The one great thing about the day? We got to light a stick of dynamite and watch it explode. That was kinda cool.
When we arrived back, we checked into a hostel and managed to get our own room. Potosi is a small town, so when we found a cafe for lunch it was full of everyone from the hostel. We all started chatting and swapped tips on tours in the salt flats. It was a welcome change to the clicky groups of cool kids I’d encountered along the trail so far. We only stayed the one night and left the following morning.
As it turned out we were in for even more of a treat when trying to leave Potosi than when we were trying to get there. We learnt our lesson from the previous journey and went to the bus station the night before to book our tickets. This consisted of a small street with massive buses parked along side little ticket booths. We found an ok looking one with a nice bus out front and brought our tickets with Trans-American. The lady assured us it would be the same bus the next day and proudly pointed to the framed photos of 2 lovely big shiny buses on the wall. Happy with that.
We arrived the next morning, waited with an array of Irish and Israeli travellers until our lady told us it was time. She pointed to the other side of the road to a small minibus with the bumper falling off and bags being loaded onto the roof. “Diana Tours” she says, with a big smile and a nod of her head. “No, Trans-American” we said. “No… Diana tours” she said.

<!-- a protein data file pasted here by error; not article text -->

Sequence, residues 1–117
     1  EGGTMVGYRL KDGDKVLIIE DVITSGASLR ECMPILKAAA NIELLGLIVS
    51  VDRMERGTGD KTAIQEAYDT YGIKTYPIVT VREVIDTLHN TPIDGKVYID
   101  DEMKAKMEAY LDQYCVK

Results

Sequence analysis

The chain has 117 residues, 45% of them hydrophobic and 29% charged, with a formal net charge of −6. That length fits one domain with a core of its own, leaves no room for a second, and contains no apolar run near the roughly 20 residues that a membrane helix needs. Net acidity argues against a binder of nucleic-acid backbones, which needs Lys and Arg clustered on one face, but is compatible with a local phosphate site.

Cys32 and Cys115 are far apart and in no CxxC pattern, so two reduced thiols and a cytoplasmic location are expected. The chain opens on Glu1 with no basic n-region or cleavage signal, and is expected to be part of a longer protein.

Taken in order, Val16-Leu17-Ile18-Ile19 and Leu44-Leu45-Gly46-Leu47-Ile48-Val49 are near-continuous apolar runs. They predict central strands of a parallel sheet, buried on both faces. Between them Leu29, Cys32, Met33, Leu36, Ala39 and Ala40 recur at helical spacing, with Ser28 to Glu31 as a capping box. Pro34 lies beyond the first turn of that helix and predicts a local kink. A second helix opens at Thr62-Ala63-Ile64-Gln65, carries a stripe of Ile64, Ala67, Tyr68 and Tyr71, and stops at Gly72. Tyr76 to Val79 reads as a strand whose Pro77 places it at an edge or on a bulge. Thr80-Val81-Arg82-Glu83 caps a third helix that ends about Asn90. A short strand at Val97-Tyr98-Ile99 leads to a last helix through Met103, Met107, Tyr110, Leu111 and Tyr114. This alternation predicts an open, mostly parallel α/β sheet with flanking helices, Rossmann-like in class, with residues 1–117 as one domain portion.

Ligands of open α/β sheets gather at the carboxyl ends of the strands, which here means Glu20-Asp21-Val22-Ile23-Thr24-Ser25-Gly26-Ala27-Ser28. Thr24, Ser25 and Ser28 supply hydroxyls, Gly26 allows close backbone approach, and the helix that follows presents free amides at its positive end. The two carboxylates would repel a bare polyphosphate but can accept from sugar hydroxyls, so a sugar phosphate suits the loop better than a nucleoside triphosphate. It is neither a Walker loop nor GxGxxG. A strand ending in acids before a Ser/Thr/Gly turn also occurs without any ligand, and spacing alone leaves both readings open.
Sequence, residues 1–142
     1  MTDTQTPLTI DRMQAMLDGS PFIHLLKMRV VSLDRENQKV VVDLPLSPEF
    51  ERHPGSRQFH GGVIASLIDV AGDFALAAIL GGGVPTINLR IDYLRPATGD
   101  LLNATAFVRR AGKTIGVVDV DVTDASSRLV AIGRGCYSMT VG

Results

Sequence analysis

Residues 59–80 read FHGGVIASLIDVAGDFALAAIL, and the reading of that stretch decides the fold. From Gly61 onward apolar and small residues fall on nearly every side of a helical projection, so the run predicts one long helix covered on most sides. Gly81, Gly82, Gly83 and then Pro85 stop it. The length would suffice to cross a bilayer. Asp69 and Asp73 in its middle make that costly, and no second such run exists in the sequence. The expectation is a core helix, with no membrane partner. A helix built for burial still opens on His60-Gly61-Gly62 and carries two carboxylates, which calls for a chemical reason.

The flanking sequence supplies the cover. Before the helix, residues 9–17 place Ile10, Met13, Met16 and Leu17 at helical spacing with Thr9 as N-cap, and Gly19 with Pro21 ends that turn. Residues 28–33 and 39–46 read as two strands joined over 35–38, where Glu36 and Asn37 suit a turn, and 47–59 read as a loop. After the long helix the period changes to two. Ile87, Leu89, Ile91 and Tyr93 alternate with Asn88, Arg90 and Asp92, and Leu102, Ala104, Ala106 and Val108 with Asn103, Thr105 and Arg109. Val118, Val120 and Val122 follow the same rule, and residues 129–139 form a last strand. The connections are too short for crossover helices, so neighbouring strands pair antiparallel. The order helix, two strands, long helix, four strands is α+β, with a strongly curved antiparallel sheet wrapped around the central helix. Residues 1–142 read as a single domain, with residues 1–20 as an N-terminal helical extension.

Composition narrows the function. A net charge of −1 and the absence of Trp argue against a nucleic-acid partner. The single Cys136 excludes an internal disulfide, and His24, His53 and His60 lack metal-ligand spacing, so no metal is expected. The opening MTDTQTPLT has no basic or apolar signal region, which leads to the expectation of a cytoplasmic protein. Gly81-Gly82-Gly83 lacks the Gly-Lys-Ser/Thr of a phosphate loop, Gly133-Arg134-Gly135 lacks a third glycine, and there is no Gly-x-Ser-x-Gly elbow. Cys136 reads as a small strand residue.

We waved goodbye to the picture of the nice shiny bus on the wall and boarded our chicken bus in the rain.
We managed to fit one pack on the roof and the other at our feet, and found a seat to tuck into for the ride. I’m writing this 2 hours into the ride. So far we’ve made an unscheduled hour long stop for the driver to have lunch (not that we knew this until he got back on the bus) and have picked up about 9 extra people along the way, all of which are sitting in the isle. So I’m appreciating my seat even more. The scenery looks like it’s straight out of Roadrunner and I’m thinking the five hour journey could easily become eight. My knees are up around my ears as my backpack is under our feet, but I’m counting myself lucky as my travel buddie’s backpack is on the roof… in the pouring rain.
I’m looking out the window at the huge potholes in the clay road which resemble murky pools in the pissing rain, and I find that now… instead of hoping to arrive without my bag being stolen, I’m happy to just arrive alive. What a journey…